Happy Chinese (or Lunar) New Year to all my readers! Wishing everyone health, happiness and prosperity in the year of the pig!
Our family’s heritage here at Big School Kids, originates in China, and every year, Chinese New Year is a huge deal in our household. Chinese New Year is all about family, family and family, and celebrating the traditions that have been brought down through many generations. It is a fun, festive and joyous occasion for everyone. In Asia, Chinese New Year is a 15-day long celebration bringing the whole country together to celebrate. Every member of every generation will reunite and commemorate the joyful event together. However, living outside of Asia, I can say it is a quite different experience – without many generations of your family living closeby, the traditions and customs of Chinese New Year usually becomes simplified and toned down, as it is difficult to replicate the same type of festive atmosphere without the large crowd celebrating together as you would in Asia.
New Year’s Eve Dinner
So what did the family of Big School Kids get up to during Chinese New Year in Sydney, Australia? We, of course had our customary family reunion dinner on New Year’s Eve with both sets of grandparents, to welcome in the new year. This dinner is considered to be the most important meal of the year. A delicious feast was laid before us on the dinner table, with typical Chinese New Year delicacies, all with auspicious connotations tied to them, and of course no new year feast could have ended without a serving of delicious sweet soup dumplings for dessert.
New Year Customs and Celebrations
As the celebration continues for just over 2 weeks, Mr. BSK and I thought it’d be nice to take the kids to see and experience some more Chinese New Year customs that were being shown and celebrated across our city. We wanted them to grow up recognizing what these events meant, and why they were important for us during this special time of the year. So off we headed into Chinatown, and first stop was the Chinese Garden of Friendship in Darling Harbour. Of all places, surely we’d find some Chinese New Year celebrations here? And indeed we did. There were some fun activities for the kids, and these definitely kept them intrigued and excited about why we were here (as the beautiful gardens just did not amaze them!). We only had time to try out the chinese zodiac animal ink paintings and craft-making (they made pig masks and pig chatterboxes) as we wanted to be off elsewhere to chase the traditional Lion Dances that were being paraded all around the city.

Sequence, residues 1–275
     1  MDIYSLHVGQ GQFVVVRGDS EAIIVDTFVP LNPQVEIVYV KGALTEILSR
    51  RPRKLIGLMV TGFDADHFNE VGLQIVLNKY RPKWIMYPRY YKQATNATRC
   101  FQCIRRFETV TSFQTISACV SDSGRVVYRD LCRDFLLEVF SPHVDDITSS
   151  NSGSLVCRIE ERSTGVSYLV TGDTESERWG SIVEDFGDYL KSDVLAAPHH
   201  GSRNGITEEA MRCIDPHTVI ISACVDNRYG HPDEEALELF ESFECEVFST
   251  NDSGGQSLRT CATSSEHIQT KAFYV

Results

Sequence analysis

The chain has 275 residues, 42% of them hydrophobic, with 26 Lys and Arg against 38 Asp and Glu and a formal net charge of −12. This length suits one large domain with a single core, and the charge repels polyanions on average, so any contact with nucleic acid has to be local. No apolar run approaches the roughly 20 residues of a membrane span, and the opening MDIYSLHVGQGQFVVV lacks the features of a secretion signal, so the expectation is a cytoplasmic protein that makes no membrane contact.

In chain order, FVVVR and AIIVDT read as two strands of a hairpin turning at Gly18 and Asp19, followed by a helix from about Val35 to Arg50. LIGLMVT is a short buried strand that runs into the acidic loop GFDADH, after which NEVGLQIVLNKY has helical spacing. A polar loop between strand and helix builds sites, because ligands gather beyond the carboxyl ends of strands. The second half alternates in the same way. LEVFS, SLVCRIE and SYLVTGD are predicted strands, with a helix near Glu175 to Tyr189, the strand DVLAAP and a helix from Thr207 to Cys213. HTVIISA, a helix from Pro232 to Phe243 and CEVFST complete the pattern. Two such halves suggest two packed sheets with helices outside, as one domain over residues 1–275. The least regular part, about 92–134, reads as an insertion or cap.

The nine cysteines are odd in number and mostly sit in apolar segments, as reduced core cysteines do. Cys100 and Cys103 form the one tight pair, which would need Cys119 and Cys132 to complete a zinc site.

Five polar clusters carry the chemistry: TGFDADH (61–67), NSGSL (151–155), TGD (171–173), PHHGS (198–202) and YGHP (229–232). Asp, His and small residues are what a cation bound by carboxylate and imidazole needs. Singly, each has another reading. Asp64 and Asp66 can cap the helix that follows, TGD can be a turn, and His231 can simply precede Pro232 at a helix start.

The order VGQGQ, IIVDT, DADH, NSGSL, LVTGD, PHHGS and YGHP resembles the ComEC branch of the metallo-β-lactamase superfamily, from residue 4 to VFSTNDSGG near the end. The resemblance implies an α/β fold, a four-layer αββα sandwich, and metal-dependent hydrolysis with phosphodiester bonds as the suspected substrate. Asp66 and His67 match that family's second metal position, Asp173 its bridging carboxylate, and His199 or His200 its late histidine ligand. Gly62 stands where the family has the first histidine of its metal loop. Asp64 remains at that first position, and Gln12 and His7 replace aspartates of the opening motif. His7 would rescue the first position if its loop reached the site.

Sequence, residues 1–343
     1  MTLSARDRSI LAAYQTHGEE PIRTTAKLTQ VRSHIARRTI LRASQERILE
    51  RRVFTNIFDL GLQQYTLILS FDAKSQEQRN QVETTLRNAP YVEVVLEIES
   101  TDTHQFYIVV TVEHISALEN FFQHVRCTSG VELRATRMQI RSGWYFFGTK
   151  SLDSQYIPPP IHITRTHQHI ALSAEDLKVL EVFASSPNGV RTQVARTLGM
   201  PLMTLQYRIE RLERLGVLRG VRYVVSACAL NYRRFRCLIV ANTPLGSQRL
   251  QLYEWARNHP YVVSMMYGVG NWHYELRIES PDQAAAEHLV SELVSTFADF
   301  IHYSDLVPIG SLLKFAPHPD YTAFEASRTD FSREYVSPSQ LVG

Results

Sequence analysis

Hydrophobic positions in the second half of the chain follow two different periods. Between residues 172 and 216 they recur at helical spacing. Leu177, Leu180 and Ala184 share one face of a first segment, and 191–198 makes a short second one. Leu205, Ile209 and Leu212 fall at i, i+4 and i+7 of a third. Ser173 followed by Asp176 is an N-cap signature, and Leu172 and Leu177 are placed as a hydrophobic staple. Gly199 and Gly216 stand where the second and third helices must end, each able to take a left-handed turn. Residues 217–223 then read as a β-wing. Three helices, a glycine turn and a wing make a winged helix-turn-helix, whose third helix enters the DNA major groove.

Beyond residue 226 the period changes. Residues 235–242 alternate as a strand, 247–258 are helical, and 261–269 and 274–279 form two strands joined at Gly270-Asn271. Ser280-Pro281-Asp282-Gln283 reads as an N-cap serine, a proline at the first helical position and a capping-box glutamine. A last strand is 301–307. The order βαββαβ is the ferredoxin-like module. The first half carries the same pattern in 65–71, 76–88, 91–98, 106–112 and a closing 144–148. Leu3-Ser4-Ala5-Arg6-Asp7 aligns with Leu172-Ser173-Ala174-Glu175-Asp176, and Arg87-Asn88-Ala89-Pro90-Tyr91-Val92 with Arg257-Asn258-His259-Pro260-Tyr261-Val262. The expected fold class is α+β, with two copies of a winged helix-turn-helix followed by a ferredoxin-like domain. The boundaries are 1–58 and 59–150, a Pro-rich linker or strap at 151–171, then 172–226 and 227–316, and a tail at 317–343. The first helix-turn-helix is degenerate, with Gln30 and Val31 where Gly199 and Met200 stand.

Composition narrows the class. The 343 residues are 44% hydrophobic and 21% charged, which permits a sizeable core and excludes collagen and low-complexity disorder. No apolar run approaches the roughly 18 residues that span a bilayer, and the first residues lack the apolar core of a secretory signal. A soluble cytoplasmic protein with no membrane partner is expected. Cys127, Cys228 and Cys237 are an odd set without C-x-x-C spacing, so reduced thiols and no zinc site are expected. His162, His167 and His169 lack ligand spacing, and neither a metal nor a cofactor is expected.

And in luck we were! We managed to catch two Lion Dance shows later on, one of which was performed practically right in front of us. Too bad, our 3 kids had not much of an appreciation for them and found them to be too noisy. We also tried to catch another tradition, which was the Dragon Boat Races (which actually has its own festival in itself, that occurs in the 5th Lunar Month of the Lunar calendar) but unfortunately missed out on all the excitement as they had just finished their race.
We finished the day off by watching our second Lion Dance and by then the kids were all “festival-ed” out and were ready to call it a day.
One final integral part of our Chinese New Year celebrations that I must mention is… the giving and receiving of Red Pockets! Chinese New Year = red pockets! It is customary for the older generation to give the younger generation a red envelope containing money (there are actually a few basic rules surrounding who should or should not receive them, when to give them out, how much money should be in them, etc – but that’d be for another post). It is actually not the money inside that is of the main significance, but the lucky red colour of the envelope, which is supposed to bestow good luck and happiness to the receiver. But of course, these days, envelopes come in a variety of colours, and for kids – many come with cute cartoon characters on them to increase the fun factor.
So, in a quick overview, this was how the BSK family welcomed the Year of the Pig this year. As I said earlier, this is nowhere near as celebratory or exciting as it would have been had we lived in Asia or had a large family here, but at the end of the day, our goal was to immerse our kids in whatever way we could, into this important Chinese tradition to help them understand why this is a meaningful part of their culture and background. Sydney already does an amazing job bringing the festivities into the society and sharing as much cultural experience as they could. One day, our goal is to take them back to their grandparents hometown and experience the “real deal” with the rest of our family and older generations. Not only do they have a lot yet to learn and experience about this important event, but so do I. It would be absolutely my dream to have our own version of Chinese New Year celebrations and for our kids to acknowledge it and pass it on to future generations.